• Sold out halls
    "In times of dwindling visitor numbers at classical concerts everywhere, Schemann and his wife Susanne founded concert series at seven venues in Germany, which - contrary to the trend – are able to attract pleasing numbers of listeners. The sold-out Stadtsaal during the "Fürstenfeld Concert Series" [Note: approx. 700 visitors at the piano recital of Dinis Schemann], which is currently in its 15th season, is a clear signal here." (Süddeutsche Zeitung, 2019)

  • Gripping unity
    "What Dinis Schemann presented on the grand piano at his solo concert exceeded all expectations [...] The composition (Schubert Sonata c minor D 958) and the great execution by Schemann merged into a moving unity. The audience was swept away and celebrated the pianist after this first brilliant performance."
    (Boehme Zeitung, 2018)

  • Passion
    "Schemann deals with Chopin’s virtuoso passages with creative passion, but always keeps the difficult balance between emotion and tempo." (Baden Online, 2018)

  • Technical precision
    "[...] The fascinating interpretation of Dinis Schemann [Note: the Moonlight Sonata] fluctuates between a dreamy pianissimo and brute chords. Schemann shows technical precision, repeatedly setting clear accents between the evenly sparkling runs. The seemingly incompatible opposites merge into a unified whole." (Baden Online, 2018)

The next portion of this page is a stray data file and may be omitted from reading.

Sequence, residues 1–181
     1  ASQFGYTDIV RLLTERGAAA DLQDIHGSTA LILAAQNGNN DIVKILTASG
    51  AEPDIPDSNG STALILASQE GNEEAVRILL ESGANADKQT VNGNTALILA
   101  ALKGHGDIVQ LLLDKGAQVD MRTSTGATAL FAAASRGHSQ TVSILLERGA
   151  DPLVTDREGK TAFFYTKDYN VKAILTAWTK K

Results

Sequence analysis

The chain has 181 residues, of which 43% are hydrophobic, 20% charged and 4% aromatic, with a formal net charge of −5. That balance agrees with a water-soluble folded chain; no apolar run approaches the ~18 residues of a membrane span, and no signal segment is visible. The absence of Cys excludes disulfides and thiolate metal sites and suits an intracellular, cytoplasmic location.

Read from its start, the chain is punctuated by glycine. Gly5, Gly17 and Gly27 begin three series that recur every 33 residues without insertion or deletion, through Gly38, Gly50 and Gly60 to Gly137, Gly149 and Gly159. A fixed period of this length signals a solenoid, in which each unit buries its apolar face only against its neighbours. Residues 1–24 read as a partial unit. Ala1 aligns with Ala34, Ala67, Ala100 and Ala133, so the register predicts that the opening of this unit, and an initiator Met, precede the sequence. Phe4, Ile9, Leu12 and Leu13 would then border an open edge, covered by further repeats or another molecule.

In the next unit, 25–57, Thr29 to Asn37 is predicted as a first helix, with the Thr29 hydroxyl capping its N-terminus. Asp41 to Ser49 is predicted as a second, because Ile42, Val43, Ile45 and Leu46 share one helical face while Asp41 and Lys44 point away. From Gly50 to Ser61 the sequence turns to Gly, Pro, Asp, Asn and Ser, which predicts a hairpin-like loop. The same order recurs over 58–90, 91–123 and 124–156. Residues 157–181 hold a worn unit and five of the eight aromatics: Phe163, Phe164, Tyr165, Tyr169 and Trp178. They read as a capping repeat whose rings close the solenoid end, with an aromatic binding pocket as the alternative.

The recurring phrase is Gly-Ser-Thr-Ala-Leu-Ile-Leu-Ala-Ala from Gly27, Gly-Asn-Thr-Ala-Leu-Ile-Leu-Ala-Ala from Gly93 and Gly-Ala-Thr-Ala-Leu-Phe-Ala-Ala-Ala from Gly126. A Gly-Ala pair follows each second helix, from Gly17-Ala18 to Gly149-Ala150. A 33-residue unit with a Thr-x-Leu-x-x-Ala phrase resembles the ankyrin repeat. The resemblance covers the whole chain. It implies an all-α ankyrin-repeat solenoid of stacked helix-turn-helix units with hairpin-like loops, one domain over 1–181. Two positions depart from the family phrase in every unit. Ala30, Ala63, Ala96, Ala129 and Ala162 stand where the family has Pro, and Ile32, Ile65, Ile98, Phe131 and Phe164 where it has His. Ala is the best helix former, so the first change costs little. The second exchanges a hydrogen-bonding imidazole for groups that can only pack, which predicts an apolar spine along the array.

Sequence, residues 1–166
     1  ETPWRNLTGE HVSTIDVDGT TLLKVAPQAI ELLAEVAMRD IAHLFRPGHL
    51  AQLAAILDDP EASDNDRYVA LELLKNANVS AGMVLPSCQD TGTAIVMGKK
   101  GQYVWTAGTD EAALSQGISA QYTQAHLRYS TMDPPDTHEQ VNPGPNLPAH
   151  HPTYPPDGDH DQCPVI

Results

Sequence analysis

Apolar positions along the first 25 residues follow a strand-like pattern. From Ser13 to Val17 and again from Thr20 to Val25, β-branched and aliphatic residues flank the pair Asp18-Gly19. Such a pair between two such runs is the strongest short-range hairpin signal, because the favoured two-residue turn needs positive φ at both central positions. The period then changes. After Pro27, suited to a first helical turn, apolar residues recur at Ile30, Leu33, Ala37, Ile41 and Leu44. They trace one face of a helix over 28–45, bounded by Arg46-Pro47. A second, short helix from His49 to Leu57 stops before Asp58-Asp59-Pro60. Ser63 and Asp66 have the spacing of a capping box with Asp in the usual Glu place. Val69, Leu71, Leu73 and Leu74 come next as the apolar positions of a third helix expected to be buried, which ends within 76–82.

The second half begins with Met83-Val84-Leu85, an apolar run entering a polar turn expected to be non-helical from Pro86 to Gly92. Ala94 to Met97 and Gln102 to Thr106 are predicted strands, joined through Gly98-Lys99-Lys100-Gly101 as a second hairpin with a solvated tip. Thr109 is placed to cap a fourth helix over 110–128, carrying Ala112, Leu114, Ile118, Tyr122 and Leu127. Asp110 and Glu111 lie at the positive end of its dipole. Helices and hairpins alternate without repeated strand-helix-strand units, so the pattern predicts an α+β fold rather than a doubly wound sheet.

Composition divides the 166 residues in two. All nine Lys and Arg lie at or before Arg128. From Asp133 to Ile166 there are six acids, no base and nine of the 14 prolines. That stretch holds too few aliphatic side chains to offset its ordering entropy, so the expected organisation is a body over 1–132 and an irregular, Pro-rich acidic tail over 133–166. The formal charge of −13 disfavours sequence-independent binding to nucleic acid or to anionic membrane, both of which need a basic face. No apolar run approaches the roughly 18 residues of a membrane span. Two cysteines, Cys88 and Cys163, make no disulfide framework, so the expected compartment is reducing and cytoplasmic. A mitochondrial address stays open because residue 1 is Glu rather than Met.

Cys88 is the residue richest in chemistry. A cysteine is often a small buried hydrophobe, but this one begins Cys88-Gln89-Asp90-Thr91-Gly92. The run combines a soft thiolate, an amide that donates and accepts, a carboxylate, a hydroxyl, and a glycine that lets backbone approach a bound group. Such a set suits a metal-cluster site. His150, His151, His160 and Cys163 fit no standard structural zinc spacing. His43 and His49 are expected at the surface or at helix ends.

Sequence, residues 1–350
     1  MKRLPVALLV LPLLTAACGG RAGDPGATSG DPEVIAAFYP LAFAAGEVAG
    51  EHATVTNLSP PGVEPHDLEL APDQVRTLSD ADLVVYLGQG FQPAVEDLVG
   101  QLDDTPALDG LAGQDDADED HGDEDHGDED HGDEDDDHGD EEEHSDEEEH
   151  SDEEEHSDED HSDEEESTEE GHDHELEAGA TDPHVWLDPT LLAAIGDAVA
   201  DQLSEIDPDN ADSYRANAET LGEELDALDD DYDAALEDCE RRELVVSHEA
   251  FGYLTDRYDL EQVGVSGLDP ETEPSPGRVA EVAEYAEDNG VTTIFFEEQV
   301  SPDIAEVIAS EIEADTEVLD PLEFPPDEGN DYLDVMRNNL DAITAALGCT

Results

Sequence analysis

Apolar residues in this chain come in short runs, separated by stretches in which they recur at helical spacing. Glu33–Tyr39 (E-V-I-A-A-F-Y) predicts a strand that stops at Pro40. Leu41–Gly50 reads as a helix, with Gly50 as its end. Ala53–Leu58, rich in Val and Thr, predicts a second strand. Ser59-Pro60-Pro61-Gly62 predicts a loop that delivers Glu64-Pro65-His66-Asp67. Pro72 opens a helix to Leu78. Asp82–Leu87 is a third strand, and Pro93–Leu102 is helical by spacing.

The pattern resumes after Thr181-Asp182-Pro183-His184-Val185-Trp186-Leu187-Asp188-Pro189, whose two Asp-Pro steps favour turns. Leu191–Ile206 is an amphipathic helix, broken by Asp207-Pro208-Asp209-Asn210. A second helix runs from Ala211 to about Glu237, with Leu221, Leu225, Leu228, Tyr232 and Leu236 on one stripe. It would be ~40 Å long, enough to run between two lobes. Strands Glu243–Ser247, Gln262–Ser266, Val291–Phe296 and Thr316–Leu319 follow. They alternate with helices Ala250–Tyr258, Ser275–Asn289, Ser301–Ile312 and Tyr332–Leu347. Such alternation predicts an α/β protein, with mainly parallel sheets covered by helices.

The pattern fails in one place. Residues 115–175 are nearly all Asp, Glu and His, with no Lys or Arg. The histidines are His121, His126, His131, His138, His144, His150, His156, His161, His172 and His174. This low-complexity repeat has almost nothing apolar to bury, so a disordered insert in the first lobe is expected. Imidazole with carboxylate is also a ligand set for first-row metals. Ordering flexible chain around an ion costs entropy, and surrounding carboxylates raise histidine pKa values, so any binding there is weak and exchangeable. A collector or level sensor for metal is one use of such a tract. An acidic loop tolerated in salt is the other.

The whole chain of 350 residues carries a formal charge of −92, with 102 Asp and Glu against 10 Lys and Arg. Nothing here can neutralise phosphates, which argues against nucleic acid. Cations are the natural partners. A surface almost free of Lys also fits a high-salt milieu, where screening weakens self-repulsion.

• Virtuoso dexterity
    "... (Dinis Schemann) received enthusiastic applause and cheers for his virtuoso dexterity." (Ruhrnachrichten 2018)

  • Fantastic concert in the Blüthner factory
    "Whether energetic forte or a whispered pianissimo - and the many nuances in between - masterful and precise was the recital; by no means a matter of routine, but interpreted passionately and sometimes even playfully."
    (Leipziger Volkszeitung 2018)

  • Art-appreciating audience
    "When Schemann enters the stage, the art-appreciating Borken audience knows that it can expect wonderful pianistic recitals and informal introductions to the pieces." (Borkener Zeitung, 2018)

  • Precisely put
    "The dynamic details in the allegro first movement of the Beethoven Sonata are executed carefully and interpreted convincingly in the sense of a formal structuring of the compositional material. The warm timbred chords of the middle movement (Andante con moto) are precisely put and thus open up a wonderfully colorful sound spectrum. Presence in the playing characterizes the fast final movement, resulting in a high transparency of the sound impression."
    (Süddeutsche Zeitung, 2017)

  • Great piano evening
    "After the break followed the big, the mighty "Appassionata". Despite the popularity, it is a technically very difficult and sophisticated piece which requires an incredible precision especially in the strong emotional moments. Here, Schemann proved to be a master of powerful feelings, which he skillfully restrained or gave free rein - just like the music demanded. He gave the eruptive character of this sonata an energetic note, reveled in bold and gripping contrasts, heightened the dramaturgical suspense to mighty sound peaks. Despite everything, Dinis Schemann retains the overview, remains master of the situation, cleverly controls the ecstasy - until the mighty finale As an encore for the rightfully enthusiastic audience, there were two études by Frédéric Chopin. Then, this great piano recital was over." (Kultkomplott 2016)